(originally published 10/21/2006 on zachmortensen.net)
If you have not already done so, you must pick up a copy of Chris Anderson’s excellent new book, The Long Tail (or at least visit his blog). It will likely change the way you think about many markets, but I’ll comment on how it applies specifically to healthcare IT.
The idea behind The Long Tail is that aggregate demand in a market of many different goods is a powerlaw distribution, as pictured above. For example: In a given market, for every unit of the most-popular good that consumers demand, they demand 1/2 units of the 2nd-most popular good, 1/3 units of the 3rd-most popular, and 1/n of the nth-most popular. Note that demand never reaches zero, which leads to the rather sensational conclusion that there is a market for everything, no matter how obscure.
Anderson uses real-world data to illustrate how this type of distribution applies to books, movies, television shows, and music, to name a few products in industries where such data are readily available. Powerlaws are not unique to marketing, nor are they by any means new. Anderson concedes that Pareto applied the idea to macroeconomics in the 19th century when observing the distribution of wealth in a population, and in the early 20th century Zipf found the same pattern in languages. Anderson certainly deserves credit for applying these principles to marketing in general and explaining in particular the rise of Long Tail business like Google (advertising), Amazon, Netflix, and iTunes.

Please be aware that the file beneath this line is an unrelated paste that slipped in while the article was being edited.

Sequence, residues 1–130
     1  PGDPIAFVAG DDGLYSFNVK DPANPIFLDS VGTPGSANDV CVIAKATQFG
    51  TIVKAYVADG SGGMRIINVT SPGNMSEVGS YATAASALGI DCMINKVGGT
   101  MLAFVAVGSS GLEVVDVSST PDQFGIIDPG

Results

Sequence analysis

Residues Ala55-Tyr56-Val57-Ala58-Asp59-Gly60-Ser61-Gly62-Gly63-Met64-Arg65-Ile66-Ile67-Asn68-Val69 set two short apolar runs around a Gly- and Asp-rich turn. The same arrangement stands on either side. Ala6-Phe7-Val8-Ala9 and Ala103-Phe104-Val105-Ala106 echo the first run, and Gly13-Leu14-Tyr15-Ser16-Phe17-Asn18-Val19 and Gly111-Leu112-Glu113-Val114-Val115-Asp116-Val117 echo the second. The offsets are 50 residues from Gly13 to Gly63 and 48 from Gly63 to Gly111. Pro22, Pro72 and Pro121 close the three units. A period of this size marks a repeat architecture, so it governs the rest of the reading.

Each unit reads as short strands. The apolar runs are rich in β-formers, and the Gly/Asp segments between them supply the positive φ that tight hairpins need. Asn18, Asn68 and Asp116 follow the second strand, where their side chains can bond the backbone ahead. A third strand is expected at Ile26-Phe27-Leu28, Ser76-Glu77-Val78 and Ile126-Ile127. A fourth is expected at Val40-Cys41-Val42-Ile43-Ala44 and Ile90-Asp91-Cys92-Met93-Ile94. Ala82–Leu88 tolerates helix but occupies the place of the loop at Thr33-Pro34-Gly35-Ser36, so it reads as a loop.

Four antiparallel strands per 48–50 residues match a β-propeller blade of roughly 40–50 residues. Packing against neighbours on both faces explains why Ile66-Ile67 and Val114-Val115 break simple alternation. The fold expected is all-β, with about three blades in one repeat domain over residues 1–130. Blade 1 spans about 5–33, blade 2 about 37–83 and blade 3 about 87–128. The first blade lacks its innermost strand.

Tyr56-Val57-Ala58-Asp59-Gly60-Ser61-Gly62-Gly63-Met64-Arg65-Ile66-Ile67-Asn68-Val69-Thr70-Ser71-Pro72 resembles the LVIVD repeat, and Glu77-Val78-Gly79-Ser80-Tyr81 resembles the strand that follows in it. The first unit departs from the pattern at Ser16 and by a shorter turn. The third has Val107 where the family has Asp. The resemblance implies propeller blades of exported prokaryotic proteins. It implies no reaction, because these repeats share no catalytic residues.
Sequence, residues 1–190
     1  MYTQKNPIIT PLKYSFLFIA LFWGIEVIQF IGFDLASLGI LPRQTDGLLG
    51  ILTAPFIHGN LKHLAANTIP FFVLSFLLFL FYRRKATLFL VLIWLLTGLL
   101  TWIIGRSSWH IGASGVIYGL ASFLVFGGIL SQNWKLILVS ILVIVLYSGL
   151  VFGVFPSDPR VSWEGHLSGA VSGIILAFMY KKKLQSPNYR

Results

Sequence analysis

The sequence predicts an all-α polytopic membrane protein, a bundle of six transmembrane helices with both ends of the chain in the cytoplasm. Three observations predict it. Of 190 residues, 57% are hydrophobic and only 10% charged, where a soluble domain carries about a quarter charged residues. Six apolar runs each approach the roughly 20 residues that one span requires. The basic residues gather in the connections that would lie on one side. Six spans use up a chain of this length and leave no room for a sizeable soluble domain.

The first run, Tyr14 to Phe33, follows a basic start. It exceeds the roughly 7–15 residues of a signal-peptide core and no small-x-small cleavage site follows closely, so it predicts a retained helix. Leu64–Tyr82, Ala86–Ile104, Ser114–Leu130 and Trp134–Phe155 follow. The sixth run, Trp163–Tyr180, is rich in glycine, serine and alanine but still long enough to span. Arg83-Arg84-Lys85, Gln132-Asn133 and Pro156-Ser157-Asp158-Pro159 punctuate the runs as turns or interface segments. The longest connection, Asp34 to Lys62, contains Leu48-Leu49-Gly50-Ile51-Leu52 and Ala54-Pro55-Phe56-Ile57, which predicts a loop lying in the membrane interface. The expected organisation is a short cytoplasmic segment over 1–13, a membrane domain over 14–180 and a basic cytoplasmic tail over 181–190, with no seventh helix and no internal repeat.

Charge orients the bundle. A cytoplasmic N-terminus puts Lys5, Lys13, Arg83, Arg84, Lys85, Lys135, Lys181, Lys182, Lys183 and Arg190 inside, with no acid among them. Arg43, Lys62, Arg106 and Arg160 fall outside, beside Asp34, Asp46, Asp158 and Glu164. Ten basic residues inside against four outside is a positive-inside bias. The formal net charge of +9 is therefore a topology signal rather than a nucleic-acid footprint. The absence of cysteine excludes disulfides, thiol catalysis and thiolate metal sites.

A Long Tail certainly exists in the healthcare IT market. The "Short Head" of the market is easy to spot: Meditech, Cerner, Epic, McKesson, Siemens, and Eclipsys. These vendors produce the "hits", products that are the most universally appealing across the market. They account for the lion’s share of the revenue generated in the industry and occupy a proportional amount of square footage on the exhibit floor at each HIMSS conference. Nevertheless, there are another 608 vendors registered for the 2007 conference exhibit, a Long Tail if ever there was one.
Mr. HIStalk, the venerable pioneer of the healthcare IT blogosphere, recently penned an article for Inside Healthcare Computing in which he argued that the "big three" of healthcare IT — Meditech, Cerner, and Epic — would achieve increasing dominance of the market because of the superior level of integration offered among their product lines. I’ll argue the contrary based on a few key ideas from The Long Tail:
1. The enabling force of the Long Tail is the democratization of tools of production. Anderson explains that a world in which television, music, and movie studios were the only ones who had means to produce content was a world in which the hits were destined to reign, if for no other reason than a lack of choices beyond this mass-market fare. As advances in technology made the means of production more affordable, those markets began to become more highly differentiated, meaning that the "tails" of their demand curves began to lengthen as more diverse products were brought to market.
The sheer number of vendors exhibiting at this year’s HIMSS conference makes it awfully hard to imagine that the democratization of the tools of producing healthcare IT products has not yet begun, and the fact that 80 or more of these vendors will be first-time attendees this year shows that innovation is alive and well on the periphery of the demand curve. Consider the acquisition of Azyxxi by Microsoft — a business whose strategy has long been to provide "horizontal" tools for vertical markets rather than compete in those markets directly — and you can imagine that the tools of producing healthcare IT products may yet become much more democratic in the very near future.